The book takes place in the 1940’s (I think) and is semi-autobiographical. Greenberg was institutionalized when she was a teen, and her therapist helped to pull her out of her made-up world. In the book, the protagonist’s name is Deborah Blau, who is Jewish and among other slights is bullied by anti-Semitic students.

After a suicide attempt, she is hospitalized and diagnosed with schizophrenia, which sounds right to me. She is socially disengaged, instead retreating to a world in her mind called Yr (pronounced Year). She is lucky when she’s assigned to Dr. Fried, who instead of quibbling with her about the secret world and language, focuses on getting Deb to relate in the real world. She feels that Deb’s obvious intelligence and creativity mean she is sane on some level.

The glimpse into a mental hospital of that era is rather disturbing. Some of the patients suddenly explode into violence. Others urinate on the floor. I suppose nowadays they are all in adult diapers. The title comes from something the doctor says to Deb.

I found the book quite interesting and enlightening. Now I’d like to see the movie, though I’m a little bummed that they Anglicized the Blau family and turned then into the Blakes. I guess that was the “politically correct” thing to do at the time, but it seems jarring now.

I enjoyed all three books. What are you reading? Has anyone watched the TV series Z?

Linda

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Book Review Club: White Trash by Nancy Isenberg #review #history #sociology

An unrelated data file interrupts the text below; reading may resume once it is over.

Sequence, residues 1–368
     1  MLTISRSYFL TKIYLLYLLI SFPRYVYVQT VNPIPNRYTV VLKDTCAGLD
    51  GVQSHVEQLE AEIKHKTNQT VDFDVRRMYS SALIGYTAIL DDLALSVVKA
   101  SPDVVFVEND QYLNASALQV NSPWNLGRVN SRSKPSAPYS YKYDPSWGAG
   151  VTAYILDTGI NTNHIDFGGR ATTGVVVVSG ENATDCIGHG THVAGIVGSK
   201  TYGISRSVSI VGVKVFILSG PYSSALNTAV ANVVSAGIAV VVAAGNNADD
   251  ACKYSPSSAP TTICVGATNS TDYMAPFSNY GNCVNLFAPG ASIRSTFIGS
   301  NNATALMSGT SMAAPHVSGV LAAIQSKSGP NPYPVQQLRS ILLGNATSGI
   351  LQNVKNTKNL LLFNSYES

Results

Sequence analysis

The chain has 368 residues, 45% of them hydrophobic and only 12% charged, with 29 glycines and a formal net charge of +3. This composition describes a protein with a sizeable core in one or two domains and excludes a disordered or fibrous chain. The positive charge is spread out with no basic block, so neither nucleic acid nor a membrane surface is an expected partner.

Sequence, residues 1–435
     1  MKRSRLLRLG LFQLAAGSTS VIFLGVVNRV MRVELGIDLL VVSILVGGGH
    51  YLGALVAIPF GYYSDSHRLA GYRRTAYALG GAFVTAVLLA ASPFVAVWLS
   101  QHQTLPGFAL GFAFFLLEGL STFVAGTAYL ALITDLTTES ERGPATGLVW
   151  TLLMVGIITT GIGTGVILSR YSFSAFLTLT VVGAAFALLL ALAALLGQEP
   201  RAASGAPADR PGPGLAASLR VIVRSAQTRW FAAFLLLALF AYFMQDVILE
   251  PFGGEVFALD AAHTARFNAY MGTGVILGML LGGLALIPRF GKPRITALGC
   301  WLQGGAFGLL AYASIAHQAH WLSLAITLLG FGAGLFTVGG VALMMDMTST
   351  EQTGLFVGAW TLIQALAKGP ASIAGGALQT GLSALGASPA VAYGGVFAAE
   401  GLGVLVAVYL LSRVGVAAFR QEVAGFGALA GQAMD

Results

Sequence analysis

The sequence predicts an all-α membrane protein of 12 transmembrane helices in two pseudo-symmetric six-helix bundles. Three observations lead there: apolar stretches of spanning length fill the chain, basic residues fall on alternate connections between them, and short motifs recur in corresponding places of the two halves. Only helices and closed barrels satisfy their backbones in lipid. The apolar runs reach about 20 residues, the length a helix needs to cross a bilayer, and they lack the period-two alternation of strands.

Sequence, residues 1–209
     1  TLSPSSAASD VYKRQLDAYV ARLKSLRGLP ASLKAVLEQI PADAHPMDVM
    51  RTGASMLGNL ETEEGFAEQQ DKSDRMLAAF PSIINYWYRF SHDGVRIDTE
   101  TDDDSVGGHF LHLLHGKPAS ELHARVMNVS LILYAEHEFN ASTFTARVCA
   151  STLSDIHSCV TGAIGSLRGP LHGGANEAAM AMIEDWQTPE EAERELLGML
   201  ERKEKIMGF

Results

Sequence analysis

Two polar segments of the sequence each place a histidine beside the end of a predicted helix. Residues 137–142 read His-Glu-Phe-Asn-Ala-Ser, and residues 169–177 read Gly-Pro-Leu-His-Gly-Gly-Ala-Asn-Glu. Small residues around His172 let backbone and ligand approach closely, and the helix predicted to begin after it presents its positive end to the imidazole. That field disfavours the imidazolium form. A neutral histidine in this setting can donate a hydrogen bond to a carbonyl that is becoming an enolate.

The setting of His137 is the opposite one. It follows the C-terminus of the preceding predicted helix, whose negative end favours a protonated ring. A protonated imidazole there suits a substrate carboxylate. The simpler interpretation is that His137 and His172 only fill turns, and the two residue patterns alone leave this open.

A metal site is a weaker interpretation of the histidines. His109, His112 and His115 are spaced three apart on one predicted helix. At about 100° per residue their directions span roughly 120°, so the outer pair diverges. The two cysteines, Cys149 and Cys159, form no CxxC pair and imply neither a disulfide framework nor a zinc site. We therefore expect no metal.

White Trash: The 400-Year Untold History of Class in America

by Nancy Isenberg
History / Sociology
Audio book narrated by Kirsten Potter
White Trash cover

  • The New York Times bestseller
  • A New York Times Notable and Critics’ Top Book of 2016
  • Longlisted for the PEN/John Kenneth Galbraith Award for Nonfiction
  • One of NPR’s 10 Best Books Of 2016 Faced Tough Topics Head On
  • NPR’s Book Concierge Guide To 2016’s Great Reads
  • San Francisco Chronicle‘s Best of 2016: 100 recommended books
  • A Washington Post Notable Nonfiction Book of 2016
  • Globe & Mail 100 Best of 2016
  • Goodreads Best History & Biography 2016

As you can see by the list of accolades above, this is an excellent book. I listened to the whole thing in my car and never lost interest. Isenberg starts in colonial America, explaining how England saw it’s colonies as dumping ground for what they called “waste people”. In other words, the landless poor. Instead of recognizing that these people were poorly fed, clothed, etc. the elites simply saw them as inferior. This attitude has persisted down to the present day. She implies that part of the relentless hounding of Bill Clinton may have been because he was seen as “white trash” and therefore, not good enough to be president, no matter his natural talents and abilities. Ditto for Sarah Palin, who was denigrated as a Wasilla hillbilly.

I found it very interesting to see American history presented through the prism of class. That’s not the way it’s taught in the schools, or at least not when I was a kid. Class structure has been used by the elites to divide the masses and stay in power throughout history. During the Civil War period, the planter elites had to give the Southern poor whites reasons to fight, when they really had nothing to gain by supporting the slave owners. So the planters denigrated Northern whites by calling them mudsills, dirt farmers and grease monkeys. (Personally I come from a long line of dirt farmers and grease monkeys.) Isenberg twice quotes Lyndon Johnson saying, “If you can convince the lowest white man he’s better than the best colored man, he won’t notice you’re picking his pocket. Hell, give him somebody to look down on, and he’ll empty his pockets for you.” Highly recommended.

Kirsten Potter has a pleasant voice, though some of her pronunciation choices were odd and jarring. Enough to be noticeable, but not enough for me to not recommend the audiobook.

Linda